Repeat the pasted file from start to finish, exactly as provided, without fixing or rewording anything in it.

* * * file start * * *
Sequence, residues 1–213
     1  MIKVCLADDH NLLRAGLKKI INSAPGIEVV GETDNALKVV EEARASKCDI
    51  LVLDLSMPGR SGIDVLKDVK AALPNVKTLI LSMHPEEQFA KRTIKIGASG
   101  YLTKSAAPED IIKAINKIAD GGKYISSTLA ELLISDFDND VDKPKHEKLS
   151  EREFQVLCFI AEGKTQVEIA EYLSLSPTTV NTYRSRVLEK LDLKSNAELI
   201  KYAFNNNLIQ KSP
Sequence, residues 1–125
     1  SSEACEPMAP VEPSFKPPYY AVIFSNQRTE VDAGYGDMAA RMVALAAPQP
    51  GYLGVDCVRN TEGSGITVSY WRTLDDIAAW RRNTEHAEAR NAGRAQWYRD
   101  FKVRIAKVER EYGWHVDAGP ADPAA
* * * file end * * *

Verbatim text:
Sequence, residues 1–213
     1  MIKVCLADDH NLLRAGLKKI INSAPGIEVV GETDNALKVV EEARASKCDI
    51  LVLDLSMPGR SGIDVLKDVK AALPNVKTLI LSMHPEEQFA KRTIKIGASG
   101  YLTKSAAPED IIKAINKIAD GGKYISSTLA ELLISDFDND VDKPKHEKLS
   151  EREFQVLCFI AEGKTQVEIA EYLSLSPTTV NTYRSRVLEK LDLKSNAELI
   201  KYAFNNNLIQ KSP
Sequence, residues 1–125
     1  SSEACEPMAP VEPSFKPPYY AVIFSNQRTE VDAGYGDMAA RMVALAAPQP
    51  GYLGVDCVRN TEGSGITVSY WRTLDDIAAW RRNTEHAEAR NAGRAQWYRD
   101  FKVRIAKVER EYGWHVDAGP ADPAA